You have to be a caterpillar first before you can become a butterfly.

It’d be nice to go directly to butterfly. Wouldn’t it be great to be born and walk right into your destiny? There’d be no process to go through.

You’d just wake up one day and soar to the heavens on beautiful, weightless wings in bright and winsome colors.

It doesn’t happen that way. The foundation for the butterfly is the caterpillar, An ugly, single-minded, hungry worm. The purpose — to become as large as possible to fuel the creature that will emerge.

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The caterpillar only sees what’s in front of it. It has no concept of the great beyond. Getting enough to eat for today is all that occupies its mind. Survival is its purpose. Survival alone. Finding the next meal. Finding enough.

It’s not an easy life. It’s hard work for the caterpillar to eat enough of the specific plant it needs. It sometimes seems impossible.

Dodging predators. Crawling at a slow pace everywhere it needs to go. And just when it finds a good plant with plenty of leaves, 200 other caterpillars find the same plant. The food is soon gone and it must go on a long trek to find another.

And just when it seems living is as difficult as it can possibly be, but its coping and getting by, change begins. It doesn’t understand why or how. The only thing it can do is go with the change. There is no fighting it, but just starting the process is frighteningly different.

It finds itself in a dark, enclosed space. There is something scary about the place. It feels itself melting into nothingness.

“Hey, somebody. Anybody. Do you see what’s happening to me? Does anybody see? Does anybody care? Anyone will do.”

But from the claustrophobically small space, there is no answer.

“Is this it? Where is food? Why can’t I feel my feet? Why can’t I feel my face?

“What is happening? Is this the all there is to life? It all seems so meaningless. I ate. I went into darkness. I am over.”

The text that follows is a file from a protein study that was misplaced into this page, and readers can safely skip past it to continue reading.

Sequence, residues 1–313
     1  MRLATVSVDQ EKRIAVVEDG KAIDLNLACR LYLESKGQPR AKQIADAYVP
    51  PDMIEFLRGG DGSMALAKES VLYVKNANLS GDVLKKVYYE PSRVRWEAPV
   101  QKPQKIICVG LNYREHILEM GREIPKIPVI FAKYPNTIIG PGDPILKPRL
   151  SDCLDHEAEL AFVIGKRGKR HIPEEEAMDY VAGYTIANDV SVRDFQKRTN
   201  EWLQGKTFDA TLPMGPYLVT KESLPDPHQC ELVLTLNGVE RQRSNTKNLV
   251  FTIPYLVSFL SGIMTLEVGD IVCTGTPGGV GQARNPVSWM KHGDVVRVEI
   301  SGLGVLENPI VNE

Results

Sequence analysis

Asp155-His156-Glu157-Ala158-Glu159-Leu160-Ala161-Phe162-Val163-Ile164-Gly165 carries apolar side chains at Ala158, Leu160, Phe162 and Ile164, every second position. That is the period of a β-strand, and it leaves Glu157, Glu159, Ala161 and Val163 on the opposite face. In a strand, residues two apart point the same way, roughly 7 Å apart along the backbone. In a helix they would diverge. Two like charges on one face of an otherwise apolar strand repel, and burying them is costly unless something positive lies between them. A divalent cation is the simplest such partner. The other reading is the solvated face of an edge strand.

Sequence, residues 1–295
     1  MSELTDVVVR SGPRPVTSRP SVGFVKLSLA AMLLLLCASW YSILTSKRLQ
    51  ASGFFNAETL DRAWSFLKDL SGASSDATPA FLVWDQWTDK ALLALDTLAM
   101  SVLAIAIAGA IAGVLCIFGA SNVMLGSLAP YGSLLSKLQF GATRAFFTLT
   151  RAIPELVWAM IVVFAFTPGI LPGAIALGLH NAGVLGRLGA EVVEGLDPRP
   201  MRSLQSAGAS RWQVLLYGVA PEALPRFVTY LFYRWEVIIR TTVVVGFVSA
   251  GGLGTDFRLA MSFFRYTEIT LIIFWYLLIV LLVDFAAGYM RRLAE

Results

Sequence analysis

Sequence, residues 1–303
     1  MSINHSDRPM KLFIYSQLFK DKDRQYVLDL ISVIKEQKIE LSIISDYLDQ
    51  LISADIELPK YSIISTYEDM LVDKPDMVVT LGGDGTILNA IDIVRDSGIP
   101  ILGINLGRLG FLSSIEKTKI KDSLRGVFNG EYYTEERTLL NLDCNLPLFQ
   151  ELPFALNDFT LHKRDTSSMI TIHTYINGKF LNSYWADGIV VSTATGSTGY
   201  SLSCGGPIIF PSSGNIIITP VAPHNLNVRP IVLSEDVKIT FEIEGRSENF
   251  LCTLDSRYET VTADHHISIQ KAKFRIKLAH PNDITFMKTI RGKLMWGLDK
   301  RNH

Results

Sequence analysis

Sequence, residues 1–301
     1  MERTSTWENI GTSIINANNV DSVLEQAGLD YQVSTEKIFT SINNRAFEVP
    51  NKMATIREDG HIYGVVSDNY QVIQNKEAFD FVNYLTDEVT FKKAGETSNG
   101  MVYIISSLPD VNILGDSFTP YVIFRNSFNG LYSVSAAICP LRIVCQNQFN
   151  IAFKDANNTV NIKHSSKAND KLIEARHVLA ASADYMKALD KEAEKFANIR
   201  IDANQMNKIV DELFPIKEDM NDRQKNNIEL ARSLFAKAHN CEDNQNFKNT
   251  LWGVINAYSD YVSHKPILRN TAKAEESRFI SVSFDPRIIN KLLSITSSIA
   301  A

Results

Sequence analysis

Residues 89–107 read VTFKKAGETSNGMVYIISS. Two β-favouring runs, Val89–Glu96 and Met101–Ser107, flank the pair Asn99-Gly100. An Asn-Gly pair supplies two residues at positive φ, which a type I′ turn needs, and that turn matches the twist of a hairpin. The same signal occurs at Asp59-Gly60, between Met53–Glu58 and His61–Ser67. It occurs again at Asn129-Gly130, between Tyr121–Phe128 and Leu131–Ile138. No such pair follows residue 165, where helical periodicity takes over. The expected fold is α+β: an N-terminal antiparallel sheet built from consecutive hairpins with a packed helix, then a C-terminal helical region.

It’s at this moment when the caterpillar doesn’t have to wonder what is happening any more. It is sure. It is dying . This is the end. And it gives its all to the inevitable.

It’s in that moment, the moment of surrender that the caterpillar’s intended purpose burgeons.

Emerging from the darkness of its ordeal, it hangs on the edge of a twig for a time, feeling the newness of itself, understanding the possibilities of its new body, but having no idea of what can happen in just a few short hours.

“What are these things?”

It allows fluid to fill its new structure. Slowly its brain begins to process the fact it will no longer be crawling everywhere.

“My feet are not really feet anymore. Am I stuck here forever on this branch?”

Slowly the caterpillar grasps the concept that life for it has totally transformed.

Colors fill its senses. Fluid pumps into wings. Wings that can lift the lowly caterpillar to heights of which it never dreamed.

It is a risky venture, but still these things must be intended to move. A cautious flap and then another. A gust of wind catching it and lifts it above.

The momentum is exhilarating. Once the caterpillar had looked up to see a strange object floating through the sky. Now it looked down to see the caterpillars below.

All of a sudden, it realized.

“Am I am flying? Yes, I am flying.”

Drawn to the bright colors of a flower, it swoops down and instinctively draws in the a liquid.

“Am I drinking the sweet nectar of flowers instead of chopping on leaves?

“Yes I am.”

And then it takes off. No practice need this time. Wings are working in tandem. It learns to guide its path. Up it goes. How far? How high?

“Am I flying so high I can almost touch the face of God?

“Yes, I am and I can.”

It could feel the warmth of the sun, the light breeze of the morning air and it knew all was right in its world.

“I can touch a Creator who destined me to become more than I could ask, think, dream or imagine.

Dodging back and forth in rhythm with all that is great and glorious, it began to understand. This is who it was designed to be from the beginning of time. It was destined to be transformed. Nothing could have stopped it unless it had been an unfaithful caterpillar, denying who it was.

“I am new. I am recreated. I am God’s poetry.”

Passing over a glassy lake, it saw it’s reflection and marveled at the result.

“Me. Look. I was a caterpillar and now I am a butterfly.”

Flying on farther, meeting up with others who floated as free and gracefully as it did filled its entire being with gratitude.

“This is amazing.

“This is amazing … grace.”

“Therefore, if anyone is in Christ, he is a new creation; old things have passed away; behold, all things have become new.” (2 Corinthians 5:17)